During the 1930s and 1940s families would gather around the radio to listen to their favorite programs together. They’d listen to shows like Abbott and Costello, Dragnet, and The Shadow. The most infamous of these programs probably being H.G Well’s The War of the Worlds which convinced the country that we were under attack from an alien invasion. Then during the late 40s and into the 50s, television began to take center stage in people’s living rooms. Families once again would come together to enjoy their favorite shows, but this time it was The Ed Sullivan Show, The Honeymooners and Gunsmoke that demanded their attention.
Television remained the centerpiece of most living rooms for decades, when I was growing up in the 80s my brothers and I would plop down on the floor while mom and dad sat on the couch and we’d watch The Dukes of Hazard or Knight Rider. TV shows were something you scheduled your entire evening around, if you missed your favorite show when it was airing live there was a pretty good chance that you’d never see that episode at all. But those days are gone now. With the advent of DVR the need to remember when a show aired disappeared completely, we’d just look at the shows as they collected on the hard drive and choose when and what to watch. And in recent years, the popularity of Netflix and other streaming services meant that you could skip entire seasons of a show and still be able to catch up on what you missed.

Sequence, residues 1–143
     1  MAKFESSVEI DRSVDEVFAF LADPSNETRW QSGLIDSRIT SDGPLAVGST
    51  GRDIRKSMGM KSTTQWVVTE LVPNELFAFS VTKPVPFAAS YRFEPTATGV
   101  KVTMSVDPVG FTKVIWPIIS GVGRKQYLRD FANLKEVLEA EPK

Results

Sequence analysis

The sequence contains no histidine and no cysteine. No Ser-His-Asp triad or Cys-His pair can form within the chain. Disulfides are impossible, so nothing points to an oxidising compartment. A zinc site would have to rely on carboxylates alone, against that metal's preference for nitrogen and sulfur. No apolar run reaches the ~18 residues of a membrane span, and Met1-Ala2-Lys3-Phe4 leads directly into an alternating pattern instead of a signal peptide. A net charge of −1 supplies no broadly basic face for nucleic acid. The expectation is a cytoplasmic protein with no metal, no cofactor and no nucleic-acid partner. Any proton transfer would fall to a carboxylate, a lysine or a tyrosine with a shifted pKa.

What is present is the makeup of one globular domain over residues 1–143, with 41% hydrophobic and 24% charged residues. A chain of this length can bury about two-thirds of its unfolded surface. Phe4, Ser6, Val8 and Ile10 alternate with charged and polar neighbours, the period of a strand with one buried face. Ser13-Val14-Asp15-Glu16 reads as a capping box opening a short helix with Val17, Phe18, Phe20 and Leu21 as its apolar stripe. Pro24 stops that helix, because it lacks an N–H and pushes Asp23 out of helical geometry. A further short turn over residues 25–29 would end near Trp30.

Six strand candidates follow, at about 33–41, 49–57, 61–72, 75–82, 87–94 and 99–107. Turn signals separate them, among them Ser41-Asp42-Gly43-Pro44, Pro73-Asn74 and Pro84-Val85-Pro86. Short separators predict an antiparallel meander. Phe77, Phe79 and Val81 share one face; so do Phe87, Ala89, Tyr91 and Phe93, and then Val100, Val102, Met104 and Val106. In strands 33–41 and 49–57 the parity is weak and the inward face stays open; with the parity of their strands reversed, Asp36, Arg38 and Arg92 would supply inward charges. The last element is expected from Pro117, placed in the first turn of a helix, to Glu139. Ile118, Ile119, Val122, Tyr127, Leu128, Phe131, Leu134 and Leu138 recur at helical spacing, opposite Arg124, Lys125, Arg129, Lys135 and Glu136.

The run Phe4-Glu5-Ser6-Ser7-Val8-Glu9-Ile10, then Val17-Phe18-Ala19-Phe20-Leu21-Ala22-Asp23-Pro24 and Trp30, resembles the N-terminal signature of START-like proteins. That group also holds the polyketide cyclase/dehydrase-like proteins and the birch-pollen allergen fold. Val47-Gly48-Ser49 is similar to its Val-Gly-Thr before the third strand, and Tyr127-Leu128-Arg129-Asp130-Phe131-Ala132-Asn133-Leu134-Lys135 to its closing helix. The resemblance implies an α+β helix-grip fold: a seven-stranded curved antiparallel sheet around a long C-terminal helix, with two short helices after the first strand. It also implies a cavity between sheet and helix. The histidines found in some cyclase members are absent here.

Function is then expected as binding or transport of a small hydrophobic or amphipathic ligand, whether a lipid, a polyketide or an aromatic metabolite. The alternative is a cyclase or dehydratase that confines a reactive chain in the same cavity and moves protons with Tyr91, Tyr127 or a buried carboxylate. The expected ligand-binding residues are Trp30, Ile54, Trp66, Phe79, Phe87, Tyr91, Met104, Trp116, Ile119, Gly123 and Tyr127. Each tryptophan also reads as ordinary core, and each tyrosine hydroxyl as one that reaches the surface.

The era of the whole family gathering around the television (or radio) for the evenings entertainment seems to be quickly becoming a relic of the past. We still have family movie nights at our house on a fairly regular basis, but on your run of the mill weeknight after dinner it’s not uncommon to see everyone watching a different show on separate devices in different rooms. It seems kind of cold as I write it, but modern electronics have made it easy for everyone to enjoy their own entertainment without arguing over which show to watch. With how segmented our evenings had become, I was surprised recently when something started drawing us all together again onto that couch to enjoy something as a family.